8

I'm looking to select rows based on whether a column is contained in a large list of values that I pass as an integer array.

Here's the query I currently use:

SELECT item_id, other_stuff, ...
FROM (
    SELECT
        -- Partitioned row number as we only want N rows per id
        ROW_NUMBER() OVER (PARTITION BY item_id ORDER BY start_date) AS r,
        item_id, other_stuff, ...
    FROM mytable
    WHERE
        item_id = ANY ($1) -- Integer array
        AND end_date > $2
    ORDER BY item_id ASC, start_date ASC, allowed ASC
) x
WHERE x.r <= 12

The table is structured as such:

    Column     |            Type             | Collation | Nullable | Default 
---------------+-----------------------------+-----------+----------+---------
 item_id       | integer                     |           | not null | 
 allowed       | boolean                     |           | not null | 
 start_date    | timestamp without time zone |           | not null | 
 end_date      | timestamp without time zone |           | not null | 
 ...


 Indexes:
    "idx_dtr_query" btree (item_id, start_date, allowed, end_date)
    ...

I came up with this index after trying different ones and running EXPLAIN on the query. This one was the most efficient for both querying and sorting. Here is the explain analyze of the query:

Subquery Scan on x  (cost=0.56..368945.41 rows=302230 width=73) (actual time=0.021..276.476 rows=168395 loops=1)
  Filter: (x.r <= 12)
  Rows Removed by Filter: 90275
  ->  WindowAgg  (cost=0.56..357611.80 rows=906689 width=73) (actual time=0.019..248.267 rows=258670 loops=1)
        ->  Index Scan using idx_dtr_query on mytable  (cost=0.56..339478.02 rows=906689 width=73) (actual time=0.013..130.362 rows=258670 loops=1)
              Index Cond: ((item_id = ANY ('{/* 15,000 integers */}'::integer[])) AND (end_date > '2018-03-30 12:08:00'::timestamp without time zone))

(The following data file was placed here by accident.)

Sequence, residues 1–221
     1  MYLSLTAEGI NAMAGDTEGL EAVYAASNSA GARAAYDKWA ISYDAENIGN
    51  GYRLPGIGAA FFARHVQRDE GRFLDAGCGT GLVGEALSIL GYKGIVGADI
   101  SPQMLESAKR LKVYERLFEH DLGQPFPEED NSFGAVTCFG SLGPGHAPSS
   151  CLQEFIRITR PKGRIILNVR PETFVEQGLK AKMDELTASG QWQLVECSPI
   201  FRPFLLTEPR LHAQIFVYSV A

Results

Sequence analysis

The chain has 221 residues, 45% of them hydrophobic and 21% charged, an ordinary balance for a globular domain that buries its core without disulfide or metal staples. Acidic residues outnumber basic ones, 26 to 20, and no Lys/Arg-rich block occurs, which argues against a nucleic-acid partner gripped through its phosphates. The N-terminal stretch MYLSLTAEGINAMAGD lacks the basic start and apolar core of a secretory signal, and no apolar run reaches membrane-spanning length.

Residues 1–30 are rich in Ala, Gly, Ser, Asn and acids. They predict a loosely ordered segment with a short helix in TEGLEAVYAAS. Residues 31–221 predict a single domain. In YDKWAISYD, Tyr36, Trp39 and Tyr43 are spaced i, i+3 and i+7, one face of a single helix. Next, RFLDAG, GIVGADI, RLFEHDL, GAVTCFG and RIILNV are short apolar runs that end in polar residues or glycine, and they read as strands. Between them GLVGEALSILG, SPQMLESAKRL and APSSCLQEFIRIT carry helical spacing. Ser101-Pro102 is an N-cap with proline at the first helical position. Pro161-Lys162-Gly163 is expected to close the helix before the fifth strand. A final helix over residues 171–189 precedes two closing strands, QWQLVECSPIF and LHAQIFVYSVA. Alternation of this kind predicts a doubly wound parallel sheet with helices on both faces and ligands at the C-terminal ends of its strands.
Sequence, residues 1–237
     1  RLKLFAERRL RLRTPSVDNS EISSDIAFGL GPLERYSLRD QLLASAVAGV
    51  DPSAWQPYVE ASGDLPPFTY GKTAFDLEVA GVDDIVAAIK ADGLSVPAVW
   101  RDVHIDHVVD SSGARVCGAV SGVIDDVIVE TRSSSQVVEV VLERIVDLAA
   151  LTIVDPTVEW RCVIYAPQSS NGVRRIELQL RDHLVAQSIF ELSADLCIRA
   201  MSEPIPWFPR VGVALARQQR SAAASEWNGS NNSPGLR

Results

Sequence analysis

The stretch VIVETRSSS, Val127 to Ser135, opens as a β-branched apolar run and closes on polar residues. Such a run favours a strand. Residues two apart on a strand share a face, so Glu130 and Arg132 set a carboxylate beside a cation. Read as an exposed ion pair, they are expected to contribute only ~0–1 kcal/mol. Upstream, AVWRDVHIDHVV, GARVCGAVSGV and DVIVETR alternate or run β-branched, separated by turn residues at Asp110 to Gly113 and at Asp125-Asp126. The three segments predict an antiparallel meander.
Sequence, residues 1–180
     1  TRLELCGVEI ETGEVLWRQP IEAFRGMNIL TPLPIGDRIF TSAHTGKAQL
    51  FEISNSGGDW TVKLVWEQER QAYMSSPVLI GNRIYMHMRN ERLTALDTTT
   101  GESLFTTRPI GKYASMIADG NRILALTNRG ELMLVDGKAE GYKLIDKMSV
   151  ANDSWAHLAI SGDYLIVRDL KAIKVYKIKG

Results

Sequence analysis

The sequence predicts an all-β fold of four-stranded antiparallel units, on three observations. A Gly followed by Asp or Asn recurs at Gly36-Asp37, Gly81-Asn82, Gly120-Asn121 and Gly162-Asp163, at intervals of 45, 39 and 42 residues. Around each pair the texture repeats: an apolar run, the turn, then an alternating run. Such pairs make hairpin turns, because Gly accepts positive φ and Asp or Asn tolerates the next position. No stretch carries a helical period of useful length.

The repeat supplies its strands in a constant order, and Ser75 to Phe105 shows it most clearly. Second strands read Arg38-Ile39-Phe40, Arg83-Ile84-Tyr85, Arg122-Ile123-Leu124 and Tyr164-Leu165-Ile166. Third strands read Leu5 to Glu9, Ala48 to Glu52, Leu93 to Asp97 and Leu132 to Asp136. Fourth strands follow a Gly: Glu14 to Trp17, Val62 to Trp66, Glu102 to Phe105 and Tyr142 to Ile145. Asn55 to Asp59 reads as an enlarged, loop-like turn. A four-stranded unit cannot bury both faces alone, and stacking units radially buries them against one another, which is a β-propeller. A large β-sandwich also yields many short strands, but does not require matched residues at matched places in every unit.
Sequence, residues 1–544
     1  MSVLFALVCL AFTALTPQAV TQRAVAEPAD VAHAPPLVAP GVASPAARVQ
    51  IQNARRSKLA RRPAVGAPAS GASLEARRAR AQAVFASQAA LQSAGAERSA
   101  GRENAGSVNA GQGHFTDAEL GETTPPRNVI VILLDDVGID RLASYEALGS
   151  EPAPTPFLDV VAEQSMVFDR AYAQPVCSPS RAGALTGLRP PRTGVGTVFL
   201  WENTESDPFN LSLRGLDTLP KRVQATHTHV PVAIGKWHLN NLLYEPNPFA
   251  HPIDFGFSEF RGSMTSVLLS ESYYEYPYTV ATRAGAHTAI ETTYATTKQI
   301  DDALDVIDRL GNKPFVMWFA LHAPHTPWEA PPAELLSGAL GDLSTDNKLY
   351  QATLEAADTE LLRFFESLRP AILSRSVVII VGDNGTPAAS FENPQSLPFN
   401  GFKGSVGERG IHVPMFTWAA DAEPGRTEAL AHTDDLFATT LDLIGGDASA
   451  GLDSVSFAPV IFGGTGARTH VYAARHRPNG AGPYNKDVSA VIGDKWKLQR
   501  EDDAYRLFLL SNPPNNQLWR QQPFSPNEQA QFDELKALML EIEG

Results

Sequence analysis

Planning time: 30.349 ms
Execution time: 284.619 ms

The issue is that the int array can contain up to 15,000 elements or so and the query gets quite slow in this case (about 800ms on my laptop, a recent Dell XPS).

I thought passing the int array as a parameter could be slow so, and considering the list of ids can be stored beforehand in the database I tried doing this. I stored them in an array in another table and used item_id = ANY (SELECT UNNEST(item_ids) FROM ...), which was slower than my current approach. I also tried storing them row by row and using item_id IN (SELECT item_id FROM ...), which was even slower, even with only the rows relevant to my test case in the table.

Is there a better way of doing this?

Update: following Evan's comments, another approach I tried: each item is part of several groups, so instead of passing group's item ids, I tried adding the group ids in mytable:

    Column     |            Type             | Collation | Nullable | Default 
---------------+-----------------------------+-----------+----------+---------
 item_id       | integer                     |           | not null | 
 allowed       | boolean                     |           | not null | 
 start_date    | timestamp without time zone |           | not null | 
 end_date      | timestamp without time zone |           | not null | 
 group_ids     | integer[]                   |           | not null | 
 ...

 Indexes:
    "idx_dtr_query" btree (item_id, start_date, allowed, end_date)
    "idx_dtr_group_ids" gin (group_ids)
    ...

New query ($1 is the targeted group id):

SELECT item_id, other_stuff, ...
FROM (
    SELECT
        -- Partitioned row number as we only want N rows per id
        ROW_NUMBER() OVER (PARTITION BY item_id ORDER BY start_date) AS r,
        item_id, other_stuff, ...
    FROM mytable
    WHERE
        $1 = ANY (group_ids)
        AND end_date > $2
    ORDER BY item_id ASC, start_date ASC, allowed ASC
) x
WHERE x.r <= 12

Explain analyze:

Subquery Scan on x  (cost=123356.60..137112.58 rows=131009 width=74) (actual time=811.337..1087.880 rows=172023 loops=1)